By Hovsep Daghdigian
KAMARIS, Armenia — Kamaris is a village in Kotayk marz (province) with a population of about 2,000, according to figures from 2001. There are reportedly Bronze Age tombs in the vicinity. Atop the hill past the old and new cemeteries are scant remains of an old Persian settlement.
Adjacent to the old cemetery is the small Soorp Astvatsatsin church, rebuilt in 1258, but on a much older foundation, with extensive inscriptions in “coded” classical Armenian. This form of script often has multiple letters inscribed upon each other making decipherment difficult for non-specialists. According to an inscription on the church, its construction or renovation was financed by a wealthy woman from the village. Villagers indicated that during Tamerlane’s invasion of the region he apparently viewed Soorb Astvatsatsin with favor, and thus decided not to destroy it.
Nearby is a small, crudely-built chapel, recently constructed, but built on the foundation of a holy site probably from the 12-14th c. Within the chapel are remnants of much older stonework.
Nearby is the remnant of what once was a beautiful 18th-century home built in classic Armenian architectural style by a wealthy family. The most recent owner of the house, the granddaughter of the original owners, did not want to live there. An Armenian film producer, who produced an award-winning film in that house, offered to buy the house and preserve it as a museum while providing a home for the granddaughter in Yerevan. The granddaughter refused, abandoning the house which was then sold off piece by piece as construction material. Neighboring villagers lamented the loss of such a beautiful structure containing lovely balconies and a tonradoon.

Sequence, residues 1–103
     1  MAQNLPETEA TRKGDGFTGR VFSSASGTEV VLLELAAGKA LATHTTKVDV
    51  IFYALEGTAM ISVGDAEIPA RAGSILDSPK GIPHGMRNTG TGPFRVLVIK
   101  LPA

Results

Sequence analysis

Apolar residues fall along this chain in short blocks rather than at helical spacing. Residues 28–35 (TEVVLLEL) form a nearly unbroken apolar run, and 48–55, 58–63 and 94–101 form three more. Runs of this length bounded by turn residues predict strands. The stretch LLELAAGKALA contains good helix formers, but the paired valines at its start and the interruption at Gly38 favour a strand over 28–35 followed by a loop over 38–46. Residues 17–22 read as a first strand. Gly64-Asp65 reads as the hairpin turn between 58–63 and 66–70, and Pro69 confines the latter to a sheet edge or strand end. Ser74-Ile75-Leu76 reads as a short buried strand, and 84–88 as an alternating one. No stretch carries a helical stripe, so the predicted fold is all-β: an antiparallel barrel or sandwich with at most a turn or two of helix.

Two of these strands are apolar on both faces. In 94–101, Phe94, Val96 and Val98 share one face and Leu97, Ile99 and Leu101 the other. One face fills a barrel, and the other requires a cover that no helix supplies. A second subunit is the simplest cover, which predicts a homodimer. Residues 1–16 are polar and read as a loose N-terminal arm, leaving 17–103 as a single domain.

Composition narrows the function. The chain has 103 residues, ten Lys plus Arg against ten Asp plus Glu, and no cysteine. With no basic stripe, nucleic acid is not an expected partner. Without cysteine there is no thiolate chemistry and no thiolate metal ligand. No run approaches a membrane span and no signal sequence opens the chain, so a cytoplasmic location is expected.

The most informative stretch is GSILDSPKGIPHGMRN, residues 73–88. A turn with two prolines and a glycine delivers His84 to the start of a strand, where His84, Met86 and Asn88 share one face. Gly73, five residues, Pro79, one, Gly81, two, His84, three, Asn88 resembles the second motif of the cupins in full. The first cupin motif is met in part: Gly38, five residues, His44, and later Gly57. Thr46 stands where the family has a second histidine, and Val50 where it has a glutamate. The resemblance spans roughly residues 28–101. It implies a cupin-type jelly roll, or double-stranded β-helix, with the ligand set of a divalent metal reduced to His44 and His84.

The main church in the village, Soorb Hakob, was the primary focus of our visit. This large church was built in 1840. A small inscription at the entrance memorializes the destruction of the village of Akori, an Armenian village high up on the slopes of Mt. Ararat, during a devastating earthquake in 1840. This was the same year the church was built. Below this inscription another disaster is cited. About eight years later, locusts ruined Kamaris’ crops. Over the church’s altar is a large mural whose style was heavily influenced by Czarist Russian religious art. The church was renovated around 1980 (during the Soviet era), but needs renovation again. Following independence, renovation of the church began but now remains negligently undone. The wall opposite the altar is bowed out; it is buckling with large cracks in the masonry near the windows. The interior floor was partially torn up and never repaired. Protecting the structure from water and ice damage remains completely and negligently ignored. This structure urgently needs first aid. The villagers we spoke to were very concerned about the church’s survival.